Apple trees were wassailed, in hope of a good apple harvest in the Autumn, and groups of wassailers went from door to door – in a sort of cross between mumming and trick-or-treat – singing carols, and begging food, drink, and “a penny” (which of course was worth much more than one of our pennies: originally, a “penny” was a Roman denarius, and was reckoned as a day’s wage) from the householders. Here is one of the wassailing songs – probably the most famous!

For further information on both varieties of wassailing, read the linked article!

Another Twelfth Night custom that has experienced somewhat of a revival in recent years – especially in more traditional and liturgically-minded churches, but also some residential schools – is the Boar’s Head Feast.

No photo description available.

The centerpiece of the feast is the head of a wild boar (or nowadays, usually a domestic pig), and sometimes the whole animal, was roasted and carried ceremonially into the feasting-hall, accompanied by musicians and revelers singing a traditional carol (called, appropriately, “The Boar’s Head Carol”), the chorus of which goes,

Caput apri defero,
Reddens laudes Domino!

(“I bring in the boar’s head, giving thanks to the Lord!”)

The song is in what in musical terms is called the “macaronic” mode, which means that it combines two languages: in this case, English and Latin. It has been noted that

“The Boar’s Head Carol is ancient compared to most of the carols for Christmas. It actually was written in Middle English and titled, ‘The Bores Heed in Hande Bring I’ and wasn’t considered a Christmas Carol except for the custom of eating your finest meal at Christmastime. In that way, wild boar became associated with Christmas.”

This is only partially true, however. There is a Christmas, and therefore specifically Christian, meaning underpinning the song, as another commentator has pointed out:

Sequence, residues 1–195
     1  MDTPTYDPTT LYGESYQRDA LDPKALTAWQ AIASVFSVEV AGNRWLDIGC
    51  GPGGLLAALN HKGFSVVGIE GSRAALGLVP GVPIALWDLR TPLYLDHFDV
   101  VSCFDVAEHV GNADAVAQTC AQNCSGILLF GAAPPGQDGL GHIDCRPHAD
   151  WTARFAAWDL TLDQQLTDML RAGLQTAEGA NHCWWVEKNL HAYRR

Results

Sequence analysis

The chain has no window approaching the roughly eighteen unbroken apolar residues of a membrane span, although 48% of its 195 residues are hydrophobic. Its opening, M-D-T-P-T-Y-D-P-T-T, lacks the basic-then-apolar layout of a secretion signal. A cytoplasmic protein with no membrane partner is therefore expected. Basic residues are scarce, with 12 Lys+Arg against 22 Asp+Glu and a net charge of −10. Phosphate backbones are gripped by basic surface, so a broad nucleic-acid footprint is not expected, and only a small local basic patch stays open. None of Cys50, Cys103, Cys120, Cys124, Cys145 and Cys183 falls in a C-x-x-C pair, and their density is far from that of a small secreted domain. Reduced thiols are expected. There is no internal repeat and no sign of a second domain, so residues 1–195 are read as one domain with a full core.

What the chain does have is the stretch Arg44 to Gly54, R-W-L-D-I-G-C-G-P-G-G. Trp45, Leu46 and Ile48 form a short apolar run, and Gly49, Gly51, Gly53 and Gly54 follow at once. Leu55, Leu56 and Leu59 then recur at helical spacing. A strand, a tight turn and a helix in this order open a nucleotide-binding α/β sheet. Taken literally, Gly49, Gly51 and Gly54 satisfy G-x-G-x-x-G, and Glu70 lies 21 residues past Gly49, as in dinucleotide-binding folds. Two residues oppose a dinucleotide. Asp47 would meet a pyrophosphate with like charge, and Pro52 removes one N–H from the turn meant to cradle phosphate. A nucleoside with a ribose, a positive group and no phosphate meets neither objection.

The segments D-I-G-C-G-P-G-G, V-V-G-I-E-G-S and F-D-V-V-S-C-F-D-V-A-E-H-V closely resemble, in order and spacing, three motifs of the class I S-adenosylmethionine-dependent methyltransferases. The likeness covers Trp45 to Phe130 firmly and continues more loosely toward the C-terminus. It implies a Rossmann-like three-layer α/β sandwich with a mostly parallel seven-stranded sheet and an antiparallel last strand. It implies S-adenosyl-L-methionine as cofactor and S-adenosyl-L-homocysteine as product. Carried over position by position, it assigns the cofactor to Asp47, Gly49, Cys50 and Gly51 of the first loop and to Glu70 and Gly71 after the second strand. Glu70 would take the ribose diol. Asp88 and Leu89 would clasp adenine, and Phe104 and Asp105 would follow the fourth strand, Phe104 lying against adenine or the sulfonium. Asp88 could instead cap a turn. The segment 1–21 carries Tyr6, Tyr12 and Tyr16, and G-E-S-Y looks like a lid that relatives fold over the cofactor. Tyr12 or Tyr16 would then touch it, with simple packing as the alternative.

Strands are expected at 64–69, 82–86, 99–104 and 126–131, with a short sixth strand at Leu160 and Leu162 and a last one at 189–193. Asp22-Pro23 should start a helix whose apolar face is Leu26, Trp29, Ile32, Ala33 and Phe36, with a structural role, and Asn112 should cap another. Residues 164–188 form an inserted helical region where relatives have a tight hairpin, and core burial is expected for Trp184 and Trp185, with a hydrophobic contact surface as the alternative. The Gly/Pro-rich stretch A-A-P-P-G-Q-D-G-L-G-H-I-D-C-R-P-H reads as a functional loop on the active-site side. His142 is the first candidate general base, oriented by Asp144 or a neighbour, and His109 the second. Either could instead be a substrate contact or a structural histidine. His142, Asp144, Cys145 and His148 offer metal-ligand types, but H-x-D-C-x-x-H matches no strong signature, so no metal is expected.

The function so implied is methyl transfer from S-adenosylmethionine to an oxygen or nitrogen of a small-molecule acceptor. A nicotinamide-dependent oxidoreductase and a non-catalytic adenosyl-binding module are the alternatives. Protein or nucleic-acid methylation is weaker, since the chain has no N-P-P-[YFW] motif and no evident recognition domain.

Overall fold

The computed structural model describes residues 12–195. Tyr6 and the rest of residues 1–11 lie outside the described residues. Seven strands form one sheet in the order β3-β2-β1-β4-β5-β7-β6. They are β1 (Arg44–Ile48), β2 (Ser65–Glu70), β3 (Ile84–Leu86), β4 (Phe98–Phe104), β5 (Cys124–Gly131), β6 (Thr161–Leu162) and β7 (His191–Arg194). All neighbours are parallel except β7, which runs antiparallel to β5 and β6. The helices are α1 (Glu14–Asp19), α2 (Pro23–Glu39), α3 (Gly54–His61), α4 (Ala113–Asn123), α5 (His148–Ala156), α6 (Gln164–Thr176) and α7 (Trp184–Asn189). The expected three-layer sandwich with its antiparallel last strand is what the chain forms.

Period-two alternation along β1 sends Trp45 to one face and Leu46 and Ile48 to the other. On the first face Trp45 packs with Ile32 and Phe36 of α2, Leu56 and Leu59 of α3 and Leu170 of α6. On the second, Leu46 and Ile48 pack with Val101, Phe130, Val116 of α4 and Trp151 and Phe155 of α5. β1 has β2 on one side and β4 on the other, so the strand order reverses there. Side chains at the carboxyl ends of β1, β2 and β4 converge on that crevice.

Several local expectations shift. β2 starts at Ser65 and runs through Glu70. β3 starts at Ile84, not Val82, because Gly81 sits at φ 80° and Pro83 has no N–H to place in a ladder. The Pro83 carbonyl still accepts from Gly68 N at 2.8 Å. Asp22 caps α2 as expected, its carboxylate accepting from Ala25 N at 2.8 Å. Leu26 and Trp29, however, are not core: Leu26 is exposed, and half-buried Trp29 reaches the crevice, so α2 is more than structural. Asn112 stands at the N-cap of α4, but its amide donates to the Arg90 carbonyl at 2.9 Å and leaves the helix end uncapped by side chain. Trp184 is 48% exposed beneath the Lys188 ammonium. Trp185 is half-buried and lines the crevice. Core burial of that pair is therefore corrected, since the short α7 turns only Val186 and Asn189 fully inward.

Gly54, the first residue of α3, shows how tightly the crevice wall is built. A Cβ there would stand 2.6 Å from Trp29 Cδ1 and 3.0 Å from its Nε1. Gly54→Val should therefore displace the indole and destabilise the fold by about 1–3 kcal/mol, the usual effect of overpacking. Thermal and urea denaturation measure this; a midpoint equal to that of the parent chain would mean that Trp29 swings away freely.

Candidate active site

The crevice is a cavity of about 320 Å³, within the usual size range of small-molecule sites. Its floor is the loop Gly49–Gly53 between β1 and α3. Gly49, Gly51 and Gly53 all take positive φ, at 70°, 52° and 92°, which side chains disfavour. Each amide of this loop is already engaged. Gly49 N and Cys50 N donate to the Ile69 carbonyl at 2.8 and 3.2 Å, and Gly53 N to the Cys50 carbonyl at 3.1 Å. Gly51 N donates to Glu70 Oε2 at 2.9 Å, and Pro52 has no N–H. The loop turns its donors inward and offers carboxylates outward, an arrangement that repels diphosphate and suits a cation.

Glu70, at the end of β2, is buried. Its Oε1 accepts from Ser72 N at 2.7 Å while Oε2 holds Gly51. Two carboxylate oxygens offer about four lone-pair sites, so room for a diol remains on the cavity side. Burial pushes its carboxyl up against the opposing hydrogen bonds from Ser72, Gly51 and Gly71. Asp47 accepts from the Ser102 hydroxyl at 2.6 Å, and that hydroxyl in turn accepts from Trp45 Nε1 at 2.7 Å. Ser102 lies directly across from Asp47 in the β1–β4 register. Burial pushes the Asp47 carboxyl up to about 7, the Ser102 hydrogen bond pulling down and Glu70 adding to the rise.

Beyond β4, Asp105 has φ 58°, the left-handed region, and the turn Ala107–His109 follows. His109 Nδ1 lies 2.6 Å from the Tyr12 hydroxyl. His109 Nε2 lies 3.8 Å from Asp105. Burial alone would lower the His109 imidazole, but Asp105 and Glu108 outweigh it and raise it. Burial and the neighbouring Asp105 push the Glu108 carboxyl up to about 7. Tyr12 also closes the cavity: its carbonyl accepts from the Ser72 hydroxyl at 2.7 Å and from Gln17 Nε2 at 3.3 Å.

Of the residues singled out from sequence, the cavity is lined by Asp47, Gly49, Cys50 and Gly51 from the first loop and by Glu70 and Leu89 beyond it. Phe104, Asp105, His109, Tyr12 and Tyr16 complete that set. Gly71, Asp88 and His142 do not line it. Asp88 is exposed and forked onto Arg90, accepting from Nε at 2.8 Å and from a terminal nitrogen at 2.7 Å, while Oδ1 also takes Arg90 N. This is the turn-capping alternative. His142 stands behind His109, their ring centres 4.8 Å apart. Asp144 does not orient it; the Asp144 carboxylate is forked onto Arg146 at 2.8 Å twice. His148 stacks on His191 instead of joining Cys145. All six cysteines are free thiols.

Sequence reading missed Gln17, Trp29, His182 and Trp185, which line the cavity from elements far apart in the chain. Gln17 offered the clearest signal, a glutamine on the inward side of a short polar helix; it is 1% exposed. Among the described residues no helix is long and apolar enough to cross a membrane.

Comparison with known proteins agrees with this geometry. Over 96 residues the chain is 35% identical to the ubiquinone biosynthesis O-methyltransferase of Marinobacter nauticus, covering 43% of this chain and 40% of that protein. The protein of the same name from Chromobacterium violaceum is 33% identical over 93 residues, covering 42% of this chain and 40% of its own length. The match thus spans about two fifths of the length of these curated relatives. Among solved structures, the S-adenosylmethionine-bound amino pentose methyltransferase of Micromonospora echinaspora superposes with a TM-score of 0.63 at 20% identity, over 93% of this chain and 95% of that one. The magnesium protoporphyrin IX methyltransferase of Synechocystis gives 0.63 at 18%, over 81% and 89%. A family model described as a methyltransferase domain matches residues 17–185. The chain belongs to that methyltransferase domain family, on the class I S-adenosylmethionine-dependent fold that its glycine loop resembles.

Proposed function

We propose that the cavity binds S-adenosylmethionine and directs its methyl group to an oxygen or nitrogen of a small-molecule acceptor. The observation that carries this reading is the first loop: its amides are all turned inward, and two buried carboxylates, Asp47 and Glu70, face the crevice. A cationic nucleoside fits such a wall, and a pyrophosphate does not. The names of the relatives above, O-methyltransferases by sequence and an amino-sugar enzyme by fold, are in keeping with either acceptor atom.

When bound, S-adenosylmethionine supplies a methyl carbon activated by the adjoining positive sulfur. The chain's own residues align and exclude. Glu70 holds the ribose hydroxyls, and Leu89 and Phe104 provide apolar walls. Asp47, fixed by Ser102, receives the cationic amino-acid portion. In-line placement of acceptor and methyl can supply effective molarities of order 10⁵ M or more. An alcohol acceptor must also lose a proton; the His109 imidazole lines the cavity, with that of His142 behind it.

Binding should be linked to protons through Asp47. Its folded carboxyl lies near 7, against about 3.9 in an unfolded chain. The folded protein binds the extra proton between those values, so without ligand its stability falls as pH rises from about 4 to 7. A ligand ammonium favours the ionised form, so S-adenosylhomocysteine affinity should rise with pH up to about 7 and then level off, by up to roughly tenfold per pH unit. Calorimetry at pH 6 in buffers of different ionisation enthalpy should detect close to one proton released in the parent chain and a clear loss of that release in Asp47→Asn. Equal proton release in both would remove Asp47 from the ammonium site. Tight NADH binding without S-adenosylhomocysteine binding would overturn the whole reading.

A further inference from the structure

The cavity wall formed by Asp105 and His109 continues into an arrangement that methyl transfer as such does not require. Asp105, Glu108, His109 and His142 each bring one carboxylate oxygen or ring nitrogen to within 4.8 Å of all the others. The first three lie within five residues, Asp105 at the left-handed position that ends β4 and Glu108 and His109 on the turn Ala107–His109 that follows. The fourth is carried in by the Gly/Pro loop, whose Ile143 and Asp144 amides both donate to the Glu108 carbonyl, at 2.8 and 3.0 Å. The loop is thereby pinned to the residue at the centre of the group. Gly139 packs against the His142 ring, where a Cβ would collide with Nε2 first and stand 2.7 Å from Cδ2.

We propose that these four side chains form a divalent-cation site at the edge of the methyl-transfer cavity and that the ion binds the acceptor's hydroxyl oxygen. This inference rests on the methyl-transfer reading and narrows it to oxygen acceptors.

“In medieval times if you traveled from village to village, you’d generally go by footpath through the woods. Being attacked by a wild boar was a very real possibility and a sharp stick wasn’t much of a defensive weapon. Wild boars tore up people, domestic animals, vegetable gardens, vineyards etc. so they weren’t looked upon fondly and were considered entirely evil, even demonic by the common people.”

Of course, even in pre-Christian times, wild boars were feared (and respected) by the ancient Celtic and Germanic peoples. Warriors often took them as what we might call today “totem animals,” for their ferocity, and the extreme difficulty in killing them. But to continue:

“The boar’s head decorated on a platter, served at Christmas, symbolized the fact that Jesus Christ came to this earth, born of a virgin, to defeat sin, death and the Devil. It was/is a celebration of Christ’s victory over the devil. The carol mentions the ‘King of Bliss.’ That is referring to the Lord Jesus Christ who gives us bliss by having won for us eternal life. It was a different culture and mentality in medieval times but sometimes, they were spot-on.”

It takes a mental shift for us to think of eating pork as symbolizing victory over the Devil! But when you look at it in its historic context, it makes sense. Alas, no Boar’s Head Feast for me this night! I long for the time when I can once again host a Twelfth Night gathering, but that time is not yet. However, I did enjoy crock-potted barbecued pork for supper, and am still enjoying a large mug of homemade wassail, made with Baugher’s apple cider (and mulling spices), with a splash of orange juice and a touch of honey. Delicious!

The boar’s flesh, on a plate I ate:
Bedecked with sauce, that was its fate!
O, wassail I shall drink ’til late,
Et manducare cantico!

Glories of the West: Medieval Carols – A Holy Night (Album)

Source: Medieval Carols – A Holy Night (Album) | YouTube

I have been remiss in posting entries in this category, of late! Mea culpa, mea culpa, mea maxima culpa… Here, in any case, is a wonderful selection of glorious seasonal music, from the medieval West!

  1. Hodie Christus Natus Est
  2. O Nobilis Nativitas/O Mira Dei/O Decus Virgineum/Apparuit
  3. Lux De Luce
  4. Alleluya: A Nywe Werke
  5. Verbum Supernum Prodiens
  6. Balaam De Quo Vaticinans
  7. Ave Maria
  8. Gabriel, Fram Heven-King
  9. Lullay: I Saw A Swete Semly Syght
  10. Prolis Eterne Genitor/Psallat Mater Gracie/[Pes]
  11. Vox Clara, Ecce, Intonat
  12. De Supernis Sedibus
  13. Omnes De Saba
  14. Puellare Gremium/Purissima Mater/[Pes]
  15. Lullay, Lullay: Als I Lay On Yoolis Night
  16. Tria Sunt Munera
  17. Orto Sole Serene/Origo Viri/Virga Lesse/[Tenor]
  18. Peperit Virgo
  19. Ecce Quod Natura
  20. A Solis Ortus Cardine
  21. Ther Is No Rose Of Swych Vertu
  22. Videntes Stellam
  23. Nowel: Owt Of Your Slepe Aryse